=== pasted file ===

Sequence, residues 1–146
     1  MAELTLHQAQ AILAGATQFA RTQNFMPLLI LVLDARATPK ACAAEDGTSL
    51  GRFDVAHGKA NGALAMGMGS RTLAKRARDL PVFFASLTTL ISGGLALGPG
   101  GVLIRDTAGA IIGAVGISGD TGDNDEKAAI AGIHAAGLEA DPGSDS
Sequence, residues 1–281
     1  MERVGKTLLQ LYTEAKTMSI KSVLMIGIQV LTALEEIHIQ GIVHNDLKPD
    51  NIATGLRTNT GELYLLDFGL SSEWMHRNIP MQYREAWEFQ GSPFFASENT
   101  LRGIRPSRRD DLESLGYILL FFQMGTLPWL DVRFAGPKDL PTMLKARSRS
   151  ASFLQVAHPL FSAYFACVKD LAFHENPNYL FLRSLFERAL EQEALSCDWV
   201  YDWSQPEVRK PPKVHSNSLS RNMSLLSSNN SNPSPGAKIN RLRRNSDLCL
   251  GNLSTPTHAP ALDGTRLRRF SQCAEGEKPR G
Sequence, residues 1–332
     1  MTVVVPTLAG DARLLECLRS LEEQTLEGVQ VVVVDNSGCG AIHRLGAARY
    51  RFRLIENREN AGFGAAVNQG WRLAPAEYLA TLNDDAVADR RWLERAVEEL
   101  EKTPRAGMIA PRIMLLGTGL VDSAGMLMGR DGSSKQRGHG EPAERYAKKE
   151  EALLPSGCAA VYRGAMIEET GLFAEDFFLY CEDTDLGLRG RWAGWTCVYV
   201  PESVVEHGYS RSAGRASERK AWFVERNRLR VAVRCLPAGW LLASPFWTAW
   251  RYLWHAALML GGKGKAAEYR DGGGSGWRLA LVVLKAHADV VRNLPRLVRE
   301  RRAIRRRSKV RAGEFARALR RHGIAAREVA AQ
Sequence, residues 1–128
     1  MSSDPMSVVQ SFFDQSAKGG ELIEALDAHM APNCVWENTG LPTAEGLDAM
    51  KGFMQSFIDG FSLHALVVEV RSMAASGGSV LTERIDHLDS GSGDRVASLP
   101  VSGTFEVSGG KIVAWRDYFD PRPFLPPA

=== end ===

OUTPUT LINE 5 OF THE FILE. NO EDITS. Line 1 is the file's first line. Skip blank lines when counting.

Sequence, residues 1–281